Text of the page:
The WGA, which started negotiations for a new film and TV contract Monday, said today that it’s seeking increased streaming residuals and added protections for the guild’s benefit plans to prevent future pension cuts. On Wednesday, the guild said that it’s also seeking across-the-board increases in script fees and minimum pay rates in its ongoing bargaining with management’s Alliance of Motion Picture & Television Producers.
“We need to increase the type of compensation and residuals subject to benefit contributions,” the guild’s negotiating committee said in its latest communique with members. “Most TV residuals generate contributions to the pension plan and health funds, but it’s not the same for streaming residuals. As streaming reuse is replacing TV reruns, streaming residuals need to generate contributions to our benefit funds. We need to change that now before streaming residuals replace other residuals, ultimately putting additional financial pressure on both the pension and health funds.”
The guild also sent members a video (see it below) explaining how its pension plan works and how federal laws have put pressure on all multi-employer pension plans. The guild also noted that “In 1960, striking writers sacrificed in order to create the pension plan WGA members rely on today.”
The guild also noted that in 2017, it threatened to go on strike to protect its health plan. “In 2017, after years of healthcare costs outpacing inflation, we needed more money for our health plan. At the time, our plan was projected to run a deficit of $70 million by 2019. We used our collective power, including taking a strike authorization vote, to secure an increase in the employer contribution rate from 9.5% to 11.5% over the life of the 2017 minimum basic agreement. “Today our health plan is on solid ground; we ran surpluses over the last three years, and increased the number of months our health plan has in reserve.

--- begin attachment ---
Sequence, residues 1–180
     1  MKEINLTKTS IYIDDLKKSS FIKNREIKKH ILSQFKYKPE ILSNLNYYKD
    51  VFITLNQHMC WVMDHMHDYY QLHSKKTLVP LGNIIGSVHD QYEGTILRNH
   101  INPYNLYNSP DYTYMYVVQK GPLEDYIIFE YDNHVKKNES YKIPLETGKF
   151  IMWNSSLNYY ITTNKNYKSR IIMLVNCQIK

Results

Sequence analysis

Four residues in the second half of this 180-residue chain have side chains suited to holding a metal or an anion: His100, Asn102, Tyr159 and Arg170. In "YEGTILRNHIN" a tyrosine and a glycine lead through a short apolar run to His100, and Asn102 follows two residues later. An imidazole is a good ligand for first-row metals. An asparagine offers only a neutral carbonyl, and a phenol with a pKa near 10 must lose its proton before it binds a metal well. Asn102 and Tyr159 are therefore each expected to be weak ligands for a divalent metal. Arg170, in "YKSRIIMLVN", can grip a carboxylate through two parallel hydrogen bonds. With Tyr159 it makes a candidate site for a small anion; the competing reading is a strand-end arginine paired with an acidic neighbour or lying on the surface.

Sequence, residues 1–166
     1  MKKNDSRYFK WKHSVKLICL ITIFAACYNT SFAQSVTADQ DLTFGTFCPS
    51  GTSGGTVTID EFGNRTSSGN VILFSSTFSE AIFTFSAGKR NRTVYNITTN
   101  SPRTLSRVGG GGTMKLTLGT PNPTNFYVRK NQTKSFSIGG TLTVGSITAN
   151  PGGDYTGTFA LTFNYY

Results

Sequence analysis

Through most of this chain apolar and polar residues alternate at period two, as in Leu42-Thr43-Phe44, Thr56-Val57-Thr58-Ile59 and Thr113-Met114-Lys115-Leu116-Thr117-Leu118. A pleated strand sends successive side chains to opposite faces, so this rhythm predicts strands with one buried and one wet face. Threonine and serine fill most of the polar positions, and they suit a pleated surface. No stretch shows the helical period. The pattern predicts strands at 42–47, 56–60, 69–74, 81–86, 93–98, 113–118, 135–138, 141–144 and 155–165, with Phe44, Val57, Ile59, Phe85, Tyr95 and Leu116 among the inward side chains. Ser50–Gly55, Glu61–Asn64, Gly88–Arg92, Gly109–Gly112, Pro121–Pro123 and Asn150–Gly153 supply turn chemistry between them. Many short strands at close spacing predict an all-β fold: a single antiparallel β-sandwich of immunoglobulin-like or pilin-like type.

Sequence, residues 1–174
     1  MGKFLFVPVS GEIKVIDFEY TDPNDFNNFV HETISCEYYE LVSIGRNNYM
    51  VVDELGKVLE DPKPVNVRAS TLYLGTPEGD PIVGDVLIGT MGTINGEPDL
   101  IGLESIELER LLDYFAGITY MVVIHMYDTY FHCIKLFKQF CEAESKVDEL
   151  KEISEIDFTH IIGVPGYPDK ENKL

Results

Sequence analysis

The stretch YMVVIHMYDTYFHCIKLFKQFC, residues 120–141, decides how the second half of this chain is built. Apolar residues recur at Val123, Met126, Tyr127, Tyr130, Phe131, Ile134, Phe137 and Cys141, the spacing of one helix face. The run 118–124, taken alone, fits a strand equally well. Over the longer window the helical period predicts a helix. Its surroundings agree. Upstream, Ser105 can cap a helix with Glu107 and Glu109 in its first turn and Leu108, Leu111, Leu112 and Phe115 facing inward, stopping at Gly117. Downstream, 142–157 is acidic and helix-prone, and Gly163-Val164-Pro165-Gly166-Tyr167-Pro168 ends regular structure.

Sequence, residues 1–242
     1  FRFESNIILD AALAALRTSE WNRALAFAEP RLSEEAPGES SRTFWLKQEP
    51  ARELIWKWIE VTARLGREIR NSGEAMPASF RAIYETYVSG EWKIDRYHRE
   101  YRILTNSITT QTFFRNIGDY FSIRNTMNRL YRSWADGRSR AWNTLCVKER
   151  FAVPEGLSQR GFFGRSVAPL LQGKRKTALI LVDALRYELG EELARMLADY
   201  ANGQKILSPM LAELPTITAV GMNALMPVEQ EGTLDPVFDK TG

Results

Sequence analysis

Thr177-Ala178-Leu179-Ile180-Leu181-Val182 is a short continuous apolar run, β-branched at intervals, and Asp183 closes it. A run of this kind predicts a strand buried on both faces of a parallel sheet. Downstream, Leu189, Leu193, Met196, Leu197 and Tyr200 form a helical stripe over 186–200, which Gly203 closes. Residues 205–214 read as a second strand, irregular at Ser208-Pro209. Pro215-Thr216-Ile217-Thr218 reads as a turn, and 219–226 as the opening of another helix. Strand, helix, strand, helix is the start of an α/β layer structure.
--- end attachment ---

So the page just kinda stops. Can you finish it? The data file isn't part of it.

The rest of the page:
“Now, we need to secure additional funding from our employers in order to put our pension plan on strong enough financial footing to weather this market downturn and preserve pension benefits for future retirees. Currently, our employers contribute 8.5% of our compensation to the plan, which totals almost $150 million annually. While our pension plan is designed to pay out benefits over many decades, federal legislation mandates a short-term focus on investment returns that can threaten our benefits. In 2006, Congress passed the Pension Protection Act, which added new requirements for pension plans like ours that could require us to make changes quickly in response to a short-term decline in investment returns.
“Due to this law, and lingering effects of the 2008 market crash, a severe enough market downturn could force us to make future benefit cuts.”
The guild, however, said that “An increase in the employer contribution rate is not enough. We need to substantially increase the caps on contributions for screenwriters and writers of long-form TV. Members of (writing) teams should get full contributions for their work as individuals, not on reduced amounts simply because they are employed as a team.”
“Our pension plan is a critical source of long-term financial security for middle-class writers, and a benefit that writers who came before us fought hard to achieve,” the guild said. “Even if you’re early in your career and not thinking about retirement, one day it will come, and we want to make certain your WGA pension will be there for you.”
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